For the rest, let me share with you some of the beak variations among other species.
Woodpecker Finch Camarhynchus pallidus, Los Gemelos, Santa Cruz, above and below.
In this species the sexes are indistinguishable. The strong woodpecker-like bill is used to probe crevices and rip bark in search of invertebrate prey. When times are tough in the dry season however, it famously fashions and uses cactus spines and fine sticks to extract nutritious items from hollows.


The massive parrot-like bill of the Vegetarian Finch C. crassirostris is employed to snip off buds, leaves, fruit and seeds, and to strip bark off growing shoots to access sugar-rich sap. Here is a female on Santa Cruz.
Small Tree Finch male C. parvulus, Los Gemelos, Santa Cruz.Its stubby curved bill is specialised for tweezering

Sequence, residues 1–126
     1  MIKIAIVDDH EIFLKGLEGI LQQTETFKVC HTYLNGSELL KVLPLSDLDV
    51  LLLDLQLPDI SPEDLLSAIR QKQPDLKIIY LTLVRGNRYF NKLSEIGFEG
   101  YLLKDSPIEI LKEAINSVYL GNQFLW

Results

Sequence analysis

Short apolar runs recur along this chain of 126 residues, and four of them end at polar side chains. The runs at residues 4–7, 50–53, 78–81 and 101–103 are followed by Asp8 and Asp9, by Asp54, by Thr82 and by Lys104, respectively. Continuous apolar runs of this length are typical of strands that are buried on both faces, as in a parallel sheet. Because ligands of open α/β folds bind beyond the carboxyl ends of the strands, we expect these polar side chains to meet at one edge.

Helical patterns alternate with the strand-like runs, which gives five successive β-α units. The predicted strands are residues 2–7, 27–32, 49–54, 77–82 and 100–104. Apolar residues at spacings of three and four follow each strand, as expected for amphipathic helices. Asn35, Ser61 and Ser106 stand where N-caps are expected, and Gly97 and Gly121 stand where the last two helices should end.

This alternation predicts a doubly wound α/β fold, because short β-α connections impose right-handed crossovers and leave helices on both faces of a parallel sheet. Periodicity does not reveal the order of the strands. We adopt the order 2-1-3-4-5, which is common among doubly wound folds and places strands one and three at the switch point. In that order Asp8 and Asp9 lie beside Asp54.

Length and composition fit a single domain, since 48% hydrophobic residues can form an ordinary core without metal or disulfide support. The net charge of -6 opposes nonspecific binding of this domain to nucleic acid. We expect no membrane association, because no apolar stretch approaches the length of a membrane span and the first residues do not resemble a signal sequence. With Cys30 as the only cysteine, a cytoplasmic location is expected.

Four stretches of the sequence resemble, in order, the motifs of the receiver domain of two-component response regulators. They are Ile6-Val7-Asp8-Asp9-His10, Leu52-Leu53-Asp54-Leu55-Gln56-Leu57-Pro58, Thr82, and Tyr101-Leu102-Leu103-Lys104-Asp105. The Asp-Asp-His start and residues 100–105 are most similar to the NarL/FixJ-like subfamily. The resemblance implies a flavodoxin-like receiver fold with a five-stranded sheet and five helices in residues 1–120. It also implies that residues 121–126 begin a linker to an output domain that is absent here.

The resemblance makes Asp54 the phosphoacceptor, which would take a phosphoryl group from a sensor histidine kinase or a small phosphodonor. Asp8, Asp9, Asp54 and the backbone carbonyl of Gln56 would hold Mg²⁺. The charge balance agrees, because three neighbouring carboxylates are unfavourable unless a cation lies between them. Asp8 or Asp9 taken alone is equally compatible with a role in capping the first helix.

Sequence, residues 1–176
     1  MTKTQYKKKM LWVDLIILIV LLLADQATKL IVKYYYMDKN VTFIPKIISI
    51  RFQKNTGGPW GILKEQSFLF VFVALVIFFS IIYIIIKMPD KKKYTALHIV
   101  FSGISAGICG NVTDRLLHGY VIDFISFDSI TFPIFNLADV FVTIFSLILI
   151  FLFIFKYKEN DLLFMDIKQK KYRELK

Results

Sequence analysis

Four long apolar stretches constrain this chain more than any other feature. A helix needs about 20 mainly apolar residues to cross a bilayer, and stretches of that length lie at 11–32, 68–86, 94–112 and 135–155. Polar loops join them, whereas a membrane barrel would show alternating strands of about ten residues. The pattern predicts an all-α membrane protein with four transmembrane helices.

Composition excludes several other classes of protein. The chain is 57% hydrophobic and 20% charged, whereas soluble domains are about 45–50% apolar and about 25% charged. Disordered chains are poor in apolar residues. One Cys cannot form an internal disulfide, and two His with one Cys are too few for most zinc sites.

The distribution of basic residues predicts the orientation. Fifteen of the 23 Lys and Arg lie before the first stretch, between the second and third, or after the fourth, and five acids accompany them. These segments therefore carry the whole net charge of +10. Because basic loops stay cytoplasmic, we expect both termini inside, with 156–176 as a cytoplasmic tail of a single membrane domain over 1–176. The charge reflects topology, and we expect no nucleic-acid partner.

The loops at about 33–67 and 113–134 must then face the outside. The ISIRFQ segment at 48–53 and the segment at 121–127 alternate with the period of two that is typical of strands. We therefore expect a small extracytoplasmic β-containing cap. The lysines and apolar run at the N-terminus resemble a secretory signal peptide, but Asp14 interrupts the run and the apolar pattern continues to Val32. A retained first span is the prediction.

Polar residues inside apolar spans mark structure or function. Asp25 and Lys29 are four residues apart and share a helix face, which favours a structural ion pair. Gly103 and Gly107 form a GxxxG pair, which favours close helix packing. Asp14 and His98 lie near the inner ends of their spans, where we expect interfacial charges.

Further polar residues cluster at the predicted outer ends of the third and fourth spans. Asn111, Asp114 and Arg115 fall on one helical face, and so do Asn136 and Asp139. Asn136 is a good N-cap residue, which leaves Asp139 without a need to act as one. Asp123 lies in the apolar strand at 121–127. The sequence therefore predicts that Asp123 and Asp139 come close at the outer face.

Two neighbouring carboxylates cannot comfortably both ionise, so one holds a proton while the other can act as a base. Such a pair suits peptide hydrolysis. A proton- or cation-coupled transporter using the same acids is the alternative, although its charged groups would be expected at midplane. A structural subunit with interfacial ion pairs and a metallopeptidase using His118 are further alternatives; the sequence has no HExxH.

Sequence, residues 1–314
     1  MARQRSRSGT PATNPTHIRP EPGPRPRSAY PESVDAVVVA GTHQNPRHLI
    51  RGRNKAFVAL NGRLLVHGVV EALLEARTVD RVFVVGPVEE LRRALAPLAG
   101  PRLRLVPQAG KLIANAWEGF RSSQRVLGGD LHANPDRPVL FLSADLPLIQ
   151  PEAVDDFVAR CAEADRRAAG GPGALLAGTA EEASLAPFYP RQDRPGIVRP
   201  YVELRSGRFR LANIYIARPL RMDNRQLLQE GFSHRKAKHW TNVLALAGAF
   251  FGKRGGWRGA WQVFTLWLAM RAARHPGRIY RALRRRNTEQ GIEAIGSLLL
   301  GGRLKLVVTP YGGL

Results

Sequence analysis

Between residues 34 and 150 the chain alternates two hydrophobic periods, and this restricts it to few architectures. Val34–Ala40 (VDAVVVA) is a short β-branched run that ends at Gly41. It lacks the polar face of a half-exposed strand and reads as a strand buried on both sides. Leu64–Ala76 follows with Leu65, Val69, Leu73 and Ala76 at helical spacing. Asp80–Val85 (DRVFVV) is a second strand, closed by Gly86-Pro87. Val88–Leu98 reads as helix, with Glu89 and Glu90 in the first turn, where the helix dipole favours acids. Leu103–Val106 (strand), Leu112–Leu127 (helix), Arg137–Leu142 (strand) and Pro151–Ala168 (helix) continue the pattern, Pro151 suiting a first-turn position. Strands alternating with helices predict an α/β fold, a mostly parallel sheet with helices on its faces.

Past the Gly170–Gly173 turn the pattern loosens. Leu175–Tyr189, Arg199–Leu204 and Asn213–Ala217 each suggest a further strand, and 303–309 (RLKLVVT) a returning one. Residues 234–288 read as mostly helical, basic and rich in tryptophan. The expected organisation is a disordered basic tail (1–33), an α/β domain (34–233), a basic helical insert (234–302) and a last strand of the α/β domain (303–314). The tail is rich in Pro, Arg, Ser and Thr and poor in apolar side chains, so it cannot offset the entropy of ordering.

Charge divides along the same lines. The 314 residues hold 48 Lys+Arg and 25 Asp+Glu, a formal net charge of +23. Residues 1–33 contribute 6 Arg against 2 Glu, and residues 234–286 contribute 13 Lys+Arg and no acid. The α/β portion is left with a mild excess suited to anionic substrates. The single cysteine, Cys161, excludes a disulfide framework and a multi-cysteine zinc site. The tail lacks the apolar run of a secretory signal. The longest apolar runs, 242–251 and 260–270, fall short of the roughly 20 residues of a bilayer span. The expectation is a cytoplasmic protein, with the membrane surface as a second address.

insects and grubs from leaf and bark surfacesand extracting larvae from inside soft stems.


Sharp-beaked Ground Finch female Geospiza difficilis, Genovesa.
Genovesa offers the best chance of seeing this often elusive species; this is the one which, on the remote
outliers of Darwin and Wolf, has learnt to peck the base of booby feathers to obtain blood,
giving rise to the somewhat sensationalist name of 'Vampire Finch'.
While all sub-species have the sharp, more slender bill atypical of ground finches, the
others haven't adopted this behaviour.
Green Warbler Finch Certhidea olivacea, Santa Cruz.
A tiny bird with a small fine bill evolved for snapping up small insects.
Older books list jut one species, but two are now recognised, with
Grey Warbler Finch C. fusca restricted to smaller more outlying islands.
And there are another four; I've seen but not yet photographed Grey Warbler and Large Tree Finch and not yet seen the restricted range Medium Tree and Critically Endangered Mangrove Finch. Maybe one day. They are all fascinating birds and if you can possibly get to see them one day, I'd urge you to do so. You'll never be sorry.
Large Ground Finch, Puerto Ayora.